Year after year, IoT continues to prove its value in healthcare. Whether within hospital facilities or patients' homes, the use of IoT in healthcare supports initiatives that have a positive impact on operations and patient care. As a result, IT leaders are accelerating their evaluation and adoption of IoT, and quickly identifying areas that make connected devices valuable and key components of IT's technology roadmap.
Both IT and clinical professionals are excited about the use of IoT in healthcare and the opportunities it brings to the table. The marketplace offers many connected devices to choose from that can monitor patients' vitals in real time and provide alerts or feedback on their condition. This type of data improves patient outcomes.
IoT has also shown its usefulness for non-patient applications, such as monitoring energy consumption and tracking critical hospital assets. While technology enthusiasts are already on board with IoT, several factors are helping the technology become more popular. Here are five benefits of the use of IoT in healthcare.
Wireless networks and IoT Wi-Fi support enable more coverage
Improved wireless networks and abundant connectivity throughout healthcare facilities have facilitated network access for medical devices. This reduced the burdens of IoT implementation and made it less complex and time-consuming to roll out. This also meant that data could be collected from areas that were previously difficult to reach or costly to wire.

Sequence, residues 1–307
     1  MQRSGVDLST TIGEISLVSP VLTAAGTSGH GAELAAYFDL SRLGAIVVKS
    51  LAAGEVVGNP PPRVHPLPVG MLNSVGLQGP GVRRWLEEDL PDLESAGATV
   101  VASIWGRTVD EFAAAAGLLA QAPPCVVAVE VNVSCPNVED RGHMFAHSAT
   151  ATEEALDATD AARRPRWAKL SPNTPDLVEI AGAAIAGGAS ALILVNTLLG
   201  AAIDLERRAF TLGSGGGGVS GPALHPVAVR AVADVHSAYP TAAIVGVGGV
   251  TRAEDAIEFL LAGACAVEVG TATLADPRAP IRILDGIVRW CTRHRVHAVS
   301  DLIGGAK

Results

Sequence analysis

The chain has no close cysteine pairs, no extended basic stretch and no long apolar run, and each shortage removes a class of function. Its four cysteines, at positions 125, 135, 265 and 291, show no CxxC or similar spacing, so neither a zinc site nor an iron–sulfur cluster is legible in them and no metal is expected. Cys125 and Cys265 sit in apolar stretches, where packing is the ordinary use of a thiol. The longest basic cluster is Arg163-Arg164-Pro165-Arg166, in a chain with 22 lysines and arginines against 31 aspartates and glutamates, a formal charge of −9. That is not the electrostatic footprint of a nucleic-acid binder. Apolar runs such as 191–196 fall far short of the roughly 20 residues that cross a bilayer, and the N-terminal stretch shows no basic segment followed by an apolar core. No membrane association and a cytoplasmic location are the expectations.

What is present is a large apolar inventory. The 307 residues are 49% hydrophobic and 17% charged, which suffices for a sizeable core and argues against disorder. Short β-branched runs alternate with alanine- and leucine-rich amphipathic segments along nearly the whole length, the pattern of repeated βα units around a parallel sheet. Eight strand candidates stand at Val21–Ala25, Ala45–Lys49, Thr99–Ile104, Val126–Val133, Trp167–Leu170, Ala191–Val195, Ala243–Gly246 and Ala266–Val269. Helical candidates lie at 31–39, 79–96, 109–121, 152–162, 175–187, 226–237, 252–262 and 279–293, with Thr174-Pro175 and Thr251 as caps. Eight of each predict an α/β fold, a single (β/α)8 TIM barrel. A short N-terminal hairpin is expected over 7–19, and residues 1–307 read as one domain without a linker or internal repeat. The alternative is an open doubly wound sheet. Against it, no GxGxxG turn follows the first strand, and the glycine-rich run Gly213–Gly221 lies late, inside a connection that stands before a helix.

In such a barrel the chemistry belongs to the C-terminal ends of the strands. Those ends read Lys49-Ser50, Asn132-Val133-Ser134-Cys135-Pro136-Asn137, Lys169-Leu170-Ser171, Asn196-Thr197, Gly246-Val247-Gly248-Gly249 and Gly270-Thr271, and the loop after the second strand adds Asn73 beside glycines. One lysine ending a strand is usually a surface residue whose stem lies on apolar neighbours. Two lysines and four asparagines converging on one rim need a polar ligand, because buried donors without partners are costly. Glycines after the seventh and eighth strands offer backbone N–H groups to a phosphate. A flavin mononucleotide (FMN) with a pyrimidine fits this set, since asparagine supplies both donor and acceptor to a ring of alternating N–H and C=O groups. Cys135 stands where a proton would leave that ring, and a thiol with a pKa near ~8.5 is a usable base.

The use of IoT can boost patient confidence
IT executives have quickly recognized that IoT can be a powerful differentiator, whether it improves patient outcomes with remote monitoring or reduced clinical errors. The use of IoT in healthcare can set a hospital apart as a leader in technology innovation, and its successes can be used to highlight its excellence in technology and care delivery.
Tangible return on investments
While some may bring up Raspberry Pi as a use of IoT that has a low price tag -- whose basic model costs $35 -- most IoT devices purchased by hospitals cost much more than that. However, most of today's connected device initiatives that include hardware, software, training and implementation costs can still deliver a tangible ROI thanks to the lower costs of equipment, and cloud use to support data collection.
Real-time patient monitoring requires more IoT
The increasing demand for remote monitoring devices to support the growing population with chronic illnesses and at risk patients is encouraging healthcare groups to adopt IoT. These connected medical devices can monitor data from patients inside and outside of the hospital. The real-time data access and ability to detect and react quickly to abnormal readings can help clinicians reduce hospital admissions and improve patient outcomes.
Telemedicine's growth in healthcare creates more demand for IoT
For many physicians, telemedicine is slowly gaining traction amongst patients, and reimbursements are starting to see some increase as well. Not only does telemedicine provide a convenient way for patients in rural areas to visit with specialists far away from them, but when it's combined with IoT, patients can reduce the frequent visits to a medical facility to collect vitals data. The promotion of IoT use as the result of telemedicine will continue to correlate over time.
Over time, more device and application vendors will enter the market, and healthcare organizations will benefit from the competition. The current state of the market offers significant support for IoT and its future, but the security of connected devices remains a concern. Risks associated with data breaches or tampering with IoT devices remains one of the top concerns about the use of IoT in healthcare.